Reader responses regarding "The Mormons" PBS series

Published: Thursday, May 3 2007 12:10 a.m. MDT

I felt there were many interviews with those who had chosen to leave the church for various reasons and who had bad feeling toward the LDS church. You don't think they had an axe to grind? Where is the counterbalance? For example the woman who had 8 great-grandmothers who walked across the plains and left the church because when she did a reenactment of a trek didn't have the same feelings her grandmothers recorded in their journals so it wasn't true. Well duh!! It wasn't even the same experience with the same fears and commitment level. Where was the interview with a practicing member who had done the same thing and felt closer and a better understanding of what they went through? Not bias—I don't think so!!

Honestly, I did find the 2nd night a little better. But I still found it interesting that so much time was spend on excommunication. The interviews were with those who were bitter about that. What about those who had been through the process and found the journey back a healing process?

I'm sure it is obvious that I am a member of the LDS Church and I saw this from that point of view. I even felt that maybe I was seeing this and feeling this from a defensive point of view. But interestingly I have had a number of my non-LDS friends express the same views. Every single person who has talked to me about this was surprised at how biased against the church this was while trying to appear neutral. I was told by a number of them that they had watched this excitedly to better understand the church and its history. Yet they too came away feeling that it did not fairly reflect the church. They too recognized that too many people were interviewed who had reasons to have grudges against the church and not enough stalwart members interviewed.

Maybe it is not possible to present a totally neutral program on this subject and by recognizing this realize that the only way to know is to visit, talk to and learn to appreciate those who live this culture. By doing so, all can appreciate what makes a Mormon a Mormon, a Jewish person Jewish, and Catholic a Catholic. — Debbie Johnson, Athens, Georgia

I was lead to believe this might actually be an objective view of the faith I converted to as an adult. It was tragic. I regret asking my non-LDS brothers and sisters (the biological type) to watch it. It clearly was produced with a bias. From the topics covered, the persons chosen to decry our faith, even to the strange images and music used when depicting Joseph Smith, the First Vision, his early life — it was pathetic. I will stop, but it is hard to do so given the terrible injustice done to a faith and a people so undeserving of this mischaracterization of history. — John Patterson, Ogden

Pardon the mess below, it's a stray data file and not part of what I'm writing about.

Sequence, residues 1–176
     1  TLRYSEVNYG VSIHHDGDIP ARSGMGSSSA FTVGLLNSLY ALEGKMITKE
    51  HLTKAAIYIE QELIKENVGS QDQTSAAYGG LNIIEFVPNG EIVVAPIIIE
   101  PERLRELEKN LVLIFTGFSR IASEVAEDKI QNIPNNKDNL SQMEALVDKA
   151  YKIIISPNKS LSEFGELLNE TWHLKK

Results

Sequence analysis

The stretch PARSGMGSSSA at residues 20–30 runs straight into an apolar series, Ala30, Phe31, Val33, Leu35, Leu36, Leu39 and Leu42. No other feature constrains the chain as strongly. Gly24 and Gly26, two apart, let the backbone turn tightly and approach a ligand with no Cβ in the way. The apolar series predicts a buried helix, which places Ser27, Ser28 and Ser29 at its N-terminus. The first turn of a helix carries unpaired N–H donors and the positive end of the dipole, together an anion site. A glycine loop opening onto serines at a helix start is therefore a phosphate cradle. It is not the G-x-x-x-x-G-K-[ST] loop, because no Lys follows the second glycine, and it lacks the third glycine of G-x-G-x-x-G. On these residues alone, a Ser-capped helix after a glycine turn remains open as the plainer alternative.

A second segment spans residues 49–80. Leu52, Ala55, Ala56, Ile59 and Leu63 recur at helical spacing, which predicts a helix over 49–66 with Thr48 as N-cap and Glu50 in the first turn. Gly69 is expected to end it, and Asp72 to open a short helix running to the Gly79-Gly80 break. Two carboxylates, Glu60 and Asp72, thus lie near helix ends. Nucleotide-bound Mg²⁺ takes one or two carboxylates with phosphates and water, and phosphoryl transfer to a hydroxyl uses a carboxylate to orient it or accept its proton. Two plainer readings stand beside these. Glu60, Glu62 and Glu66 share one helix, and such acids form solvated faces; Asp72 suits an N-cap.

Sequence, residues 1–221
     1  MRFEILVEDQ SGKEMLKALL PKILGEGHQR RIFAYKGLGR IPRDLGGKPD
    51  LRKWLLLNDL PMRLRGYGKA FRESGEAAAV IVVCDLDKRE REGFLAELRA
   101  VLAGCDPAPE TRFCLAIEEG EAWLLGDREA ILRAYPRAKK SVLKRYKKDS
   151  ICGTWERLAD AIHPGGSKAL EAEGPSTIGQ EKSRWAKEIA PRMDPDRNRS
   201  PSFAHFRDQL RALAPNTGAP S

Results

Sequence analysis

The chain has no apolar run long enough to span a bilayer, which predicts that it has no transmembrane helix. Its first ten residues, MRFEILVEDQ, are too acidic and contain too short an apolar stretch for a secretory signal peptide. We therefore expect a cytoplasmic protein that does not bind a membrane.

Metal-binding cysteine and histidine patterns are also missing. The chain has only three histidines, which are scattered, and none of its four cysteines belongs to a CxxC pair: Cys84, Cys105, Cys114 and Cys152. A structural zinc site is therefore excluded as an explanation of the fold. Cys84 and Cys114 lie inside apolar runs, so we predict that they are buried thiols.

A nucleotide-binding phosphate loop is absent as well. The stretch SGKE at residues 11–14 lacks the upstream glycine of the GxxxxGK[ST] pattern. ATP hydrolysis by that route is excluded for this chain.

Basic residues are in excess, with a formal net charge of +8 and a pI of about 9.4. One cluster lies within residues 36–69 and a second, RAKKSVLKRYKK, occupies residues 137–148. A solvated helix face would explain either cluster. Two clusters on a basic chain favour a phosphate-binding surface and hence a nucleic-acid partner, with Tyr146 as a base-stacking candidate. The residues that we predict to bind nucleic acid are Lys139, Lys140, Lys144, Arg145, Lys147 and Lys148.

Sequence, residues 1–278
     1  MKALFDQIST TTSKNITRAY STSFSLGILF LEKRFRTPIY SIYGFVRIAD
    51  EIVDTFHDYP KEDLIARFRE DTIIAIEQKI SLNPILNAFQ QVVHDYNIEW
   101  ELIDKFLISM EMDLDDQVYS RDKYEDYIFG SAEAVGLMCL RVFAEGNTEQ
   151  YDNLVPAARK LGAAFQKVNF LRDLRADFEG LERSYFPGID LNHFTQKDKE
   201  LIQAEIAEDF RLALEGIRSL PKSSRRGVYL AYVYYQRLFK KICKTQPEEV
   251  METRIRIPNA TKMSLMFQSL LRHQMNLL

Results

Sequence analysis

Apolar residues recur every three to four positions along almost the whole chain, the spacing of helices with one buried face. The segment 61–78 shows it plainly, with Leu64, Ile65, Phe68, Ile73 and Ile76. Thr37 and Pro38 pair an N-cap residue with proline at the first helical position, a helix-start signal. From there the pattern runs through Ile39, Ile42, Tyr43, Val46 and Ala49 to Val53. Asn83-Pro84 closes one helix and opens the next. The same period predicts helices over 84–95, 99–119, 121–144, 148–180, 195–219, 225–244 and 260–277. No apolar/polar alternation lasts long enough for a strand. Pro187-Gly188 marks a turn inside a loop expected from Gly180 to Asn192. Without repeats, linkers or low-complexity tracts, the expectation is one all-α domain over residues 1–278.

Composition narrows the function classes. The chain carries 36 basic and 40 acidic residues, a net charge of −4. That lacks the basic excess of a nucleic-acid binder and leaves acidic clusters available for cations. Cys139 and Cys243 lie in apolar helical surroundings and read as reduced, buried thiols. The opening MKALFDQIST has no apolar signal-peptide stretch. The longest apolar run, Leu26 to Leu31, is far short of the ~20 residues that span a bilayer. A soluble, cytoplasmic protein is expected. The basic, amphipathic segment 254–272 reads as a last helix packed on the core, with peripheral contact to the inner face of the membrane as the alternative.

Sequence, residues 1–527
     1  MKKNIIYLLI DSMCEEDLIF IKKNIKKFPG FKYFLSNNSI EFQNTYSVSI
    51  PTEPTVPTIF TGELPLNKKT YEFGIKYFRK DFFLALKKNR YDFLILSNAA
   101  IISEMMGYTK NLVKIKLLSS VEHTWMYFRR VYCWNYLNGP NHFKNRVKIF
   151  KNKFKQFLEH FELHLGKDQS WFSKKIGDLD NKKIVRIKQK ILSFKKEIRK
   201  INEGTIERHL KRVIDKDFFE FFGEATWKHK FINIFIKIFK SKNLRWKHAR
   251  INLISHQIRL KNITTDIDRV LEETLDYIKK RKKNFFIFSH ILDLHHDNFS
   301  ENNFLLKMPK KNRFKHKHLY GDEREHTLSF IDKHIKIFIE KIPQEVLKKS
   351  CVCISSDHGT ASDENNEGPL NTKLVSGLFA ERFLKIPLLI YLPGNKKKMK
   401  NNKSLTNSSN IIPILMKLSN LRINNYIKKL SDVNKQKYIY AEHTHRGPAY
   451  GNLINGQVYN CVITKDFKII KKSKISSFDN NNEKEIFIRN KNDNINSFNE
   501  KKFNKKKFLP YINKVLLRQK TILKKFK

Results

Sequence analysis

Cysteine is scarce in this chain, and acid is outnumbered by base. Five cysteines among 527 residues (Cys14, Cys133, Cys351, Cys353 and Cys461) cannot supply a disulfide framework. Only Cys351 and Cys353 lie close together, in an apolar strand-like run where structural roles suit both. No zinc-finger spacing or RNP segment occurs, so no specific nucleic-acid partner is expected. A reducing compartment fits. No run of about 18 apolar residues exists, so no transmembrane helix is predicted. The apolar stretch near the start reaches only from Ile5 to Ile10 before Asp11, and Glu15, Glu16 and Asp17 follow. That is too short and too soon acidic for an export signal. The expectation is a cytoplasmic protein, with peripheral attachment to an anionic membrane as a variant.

While theatrically well produced, The Mormons lies on a poorly constructed foundation. Investigative reporting should start with the source. Church doctrines as taught by church authorities will indicate the organizations beliefs. While interviews with disgruntled, critics, or disenfranchised members may shed light on that persons individual interpretation of doctrine and their personal struggle with it, these interviews may be sensational as the persons bear their inner feelings but they are not the doctrine of the church. Perhaps the interviews should have been weighted by the populous percentages of active members and inactive/non-members. — Wayne Fausett, Cedar City, Utah

Helen Whitney's "The Mormons" failed to ask the most important question regarding Mormons, a question that most viewers surely must have been asking themselves, "Why are so many intelligent people willing to tithe, sacrifice time and talents, and genuinely love a church that asks so much of them and has such a strange history?" — Ken Zeeman, Centerville

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